Data Point No. 3: SSL Stripping
SSL stripping is a type of MiTM attack that downgrades the communications between the endpoint and the server to unencrypted format in order to be able to read the content. One way to prevent SSL stripping is to install HTTPS Everywhere, a browser extension that enforces HTTPS communication wherever possible, preventing an uninvited party from downgrading communications to HTTP. SDPs also prevent such threats, providing mitigation by sending all traffic over an encrypted tunnel.
Data Point No. 4: DDoS
In a distributed denial-of-service (DDoS) attack, an application is made unavailable by overloading it with requests. Since the attack is distributed, it is difficult to stop. Denial-of-service attacks are characterized by an explicit attempt by attackers to prevent legitimate use of a service.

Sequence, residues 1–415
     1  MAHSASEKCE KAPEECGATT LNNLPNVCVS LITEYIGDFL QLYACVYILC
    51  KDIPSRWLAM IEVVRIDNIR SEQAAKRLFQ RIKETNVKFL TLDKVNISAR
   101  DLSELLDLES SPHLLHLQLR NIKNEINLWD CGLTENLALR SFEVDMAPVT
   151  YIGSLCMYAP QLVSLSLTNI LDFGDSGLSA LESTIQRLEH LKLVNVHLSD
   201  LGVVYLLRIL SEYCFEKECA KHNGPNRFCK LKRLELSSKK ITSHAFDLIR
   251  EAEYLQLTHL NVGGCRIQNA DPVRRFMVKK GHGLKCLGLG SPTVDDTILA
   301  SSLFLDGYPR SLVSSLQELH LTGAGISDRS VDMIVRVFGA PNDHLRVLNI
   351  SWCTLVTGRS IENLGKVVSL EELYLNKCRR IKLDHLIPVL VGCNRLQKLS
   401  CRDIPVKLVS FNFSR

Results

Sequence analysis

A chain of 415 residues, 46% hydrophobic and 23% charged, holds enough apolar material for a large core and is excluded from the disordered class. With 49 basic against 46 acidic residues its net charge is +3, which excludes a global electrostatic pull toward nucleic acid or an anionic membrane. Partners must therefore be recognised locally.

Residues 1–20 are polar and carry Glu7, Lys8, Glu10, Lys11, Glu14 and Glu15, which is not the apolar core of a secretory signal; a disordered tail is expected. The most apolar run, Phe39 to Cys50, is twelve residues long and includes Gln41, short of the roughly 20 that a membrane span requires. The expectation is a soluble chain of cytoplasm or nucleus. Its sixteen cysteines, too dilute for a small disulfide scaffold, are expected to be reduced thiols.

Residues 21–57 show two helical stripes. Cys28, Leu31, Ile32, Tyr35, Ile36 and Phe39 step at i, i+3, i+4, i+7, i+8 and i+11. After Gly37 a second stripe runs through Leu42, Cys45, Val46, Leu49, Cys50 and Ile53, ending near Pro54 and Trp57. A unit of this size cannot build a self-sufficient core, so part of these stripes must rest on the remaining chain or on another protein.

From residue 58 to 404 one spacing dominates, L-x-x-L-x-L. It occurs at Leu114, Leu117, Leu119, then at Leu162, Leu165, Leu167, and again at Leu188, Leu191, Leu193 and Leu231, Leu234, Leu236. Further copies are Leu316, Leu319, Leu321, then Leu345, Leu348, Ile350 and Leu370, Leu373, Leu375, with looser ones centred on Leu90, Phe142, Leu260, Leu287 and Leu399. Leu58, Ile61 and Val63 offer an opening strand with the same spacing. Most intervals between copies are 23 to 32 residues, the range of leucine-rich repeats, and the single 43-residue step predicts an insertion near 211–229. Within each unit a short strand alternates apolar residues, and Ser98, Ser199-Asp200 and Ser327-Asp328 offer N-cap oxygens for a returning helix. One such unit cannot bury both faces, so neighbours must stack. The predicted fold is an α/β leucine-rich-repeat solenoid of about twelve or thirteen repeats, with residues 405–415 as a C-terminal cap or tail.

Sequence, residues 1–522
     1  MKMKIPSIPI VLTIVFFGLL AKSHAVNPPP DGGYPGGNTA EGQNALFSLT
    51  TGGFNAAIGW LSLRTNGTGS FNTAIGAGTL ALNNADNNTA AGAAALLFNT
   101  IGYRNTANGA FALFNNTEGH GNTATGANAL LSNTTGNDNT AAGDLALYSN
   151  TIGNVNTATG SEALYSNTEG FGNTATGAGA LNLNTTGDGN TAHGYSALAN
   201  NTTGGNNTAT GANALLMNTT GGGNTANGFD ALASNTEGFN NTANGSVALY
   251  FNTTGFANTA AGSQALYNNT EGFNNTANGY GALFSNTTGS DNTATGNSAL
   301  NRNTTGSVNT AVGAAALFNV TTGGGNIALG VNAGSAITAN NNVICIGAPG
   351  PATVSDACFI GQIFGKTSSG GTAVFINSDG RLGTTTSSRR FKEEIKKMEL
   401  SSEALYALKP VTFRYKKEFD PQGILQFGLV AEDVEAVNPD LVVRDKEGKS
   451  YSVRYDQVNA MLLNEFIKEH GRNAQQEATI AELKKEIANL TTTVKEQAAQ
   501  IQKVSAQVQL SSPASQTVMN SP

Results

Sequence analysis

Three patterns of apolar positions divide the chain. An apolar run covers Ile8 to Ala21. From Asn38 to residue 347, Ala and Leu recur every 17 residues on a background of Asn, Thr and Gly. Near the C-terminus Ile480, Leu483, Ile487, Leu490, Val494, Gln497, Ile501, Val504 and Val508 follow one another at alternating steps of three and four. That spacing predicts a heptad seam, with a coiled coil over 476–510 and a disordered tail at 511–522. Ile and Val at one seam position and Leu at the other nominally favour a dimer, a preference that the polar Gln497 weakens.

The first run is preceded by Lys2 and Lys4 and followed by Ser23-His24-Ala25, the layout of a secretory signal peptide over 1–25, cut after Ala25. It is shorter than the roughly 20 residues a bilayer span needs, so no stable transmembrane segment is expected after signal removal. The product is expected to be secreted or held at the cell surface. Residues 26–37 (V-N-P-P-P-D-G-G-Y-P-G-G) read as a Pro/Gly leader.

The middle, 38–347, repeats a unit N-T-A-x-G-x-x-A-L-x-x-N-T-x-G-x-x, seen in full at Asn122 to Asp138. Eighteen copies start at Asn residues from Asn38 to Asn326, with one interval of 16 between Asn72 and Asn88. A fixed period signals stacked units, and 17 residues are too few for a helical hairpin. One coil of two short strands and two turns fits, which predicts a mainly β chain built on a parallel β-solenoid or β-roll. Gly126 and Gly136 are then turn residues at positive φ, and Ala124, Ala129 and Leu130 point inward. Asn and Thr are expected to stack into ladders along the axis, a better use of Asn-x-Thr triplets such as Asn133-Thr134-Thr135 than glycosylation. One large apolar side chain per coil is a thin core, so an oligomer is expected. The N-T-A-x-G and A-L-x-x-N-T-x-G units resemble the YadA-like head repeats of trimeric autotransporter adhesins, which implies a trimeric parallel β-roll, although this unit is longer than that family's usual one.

There are two general forms of DoS attacks: those that crash services and those that flood services. The most serious attacks are distributed. Here, SDP solutions can prevent either type of DDoS attack, protecting the application rather than the end-user device. In the SDP model, applications (and the infrastructure that hosts them) are not directly connected to the internet. The SDP solution acts as a gateway that prevents any access that isn’t authorized from getting through.
Data Point No. 5: Port Scanning